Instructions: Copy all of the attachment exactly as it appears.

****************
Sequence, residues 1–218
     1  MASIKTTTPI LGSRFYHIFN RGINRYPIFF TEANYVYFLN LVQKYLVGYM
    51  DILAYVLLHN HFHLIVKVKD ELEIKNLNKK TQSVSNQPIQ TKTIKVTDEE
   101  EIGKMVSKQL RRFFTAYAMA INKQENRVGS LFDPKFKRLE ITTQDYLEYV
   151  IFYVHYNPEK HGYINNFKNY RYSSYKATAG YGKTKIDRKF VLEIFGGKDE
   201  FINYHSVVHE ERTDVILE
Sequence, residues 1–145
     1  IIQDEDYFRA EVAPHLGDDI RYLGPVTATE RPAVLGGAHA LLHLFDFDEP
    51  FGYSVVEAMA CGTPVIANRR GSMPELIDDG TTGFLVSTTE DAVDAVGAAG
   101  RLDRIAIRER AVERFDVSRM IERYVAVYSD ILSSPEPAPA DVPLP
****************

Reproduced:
Sequence, residues 1–218
     1  MASIKTTTPI LGSRFYHIFN RGINRYPIFF TEANYVYFLN LVQKYLVGYM
    51  DILAYVLLHN HFHLIVKVKD ELEIKNLNKK TQSVSNQPIQ TKTIKVTDEE
   101  EIGKMVSKQL RRFFTAYAMA INKQENRVGS LFDPKFKRLE ITTQDYLEYV
   151  IFYVHYNPEK HGYINNFKNY RYSSYKATAG YGKTKIDRKF VLEIFGGKDE
   201  FINYHSVVHE ERTDVILE
Sequence, residues 1–145
     1  IIQDEDYFRA EVAPHLGDDI RYLGPVTATE RPAVLGGAHA LLHLFDFDEP
    51  FGYSVVEAMA CGTPVIANRR GSMPELIDDG TTGFLVSTTE DAVDAVGAAG
   101  RLDRIAIRER AVERFDVSRM IERYVAVYSD ILSSPEPAPA DVPLP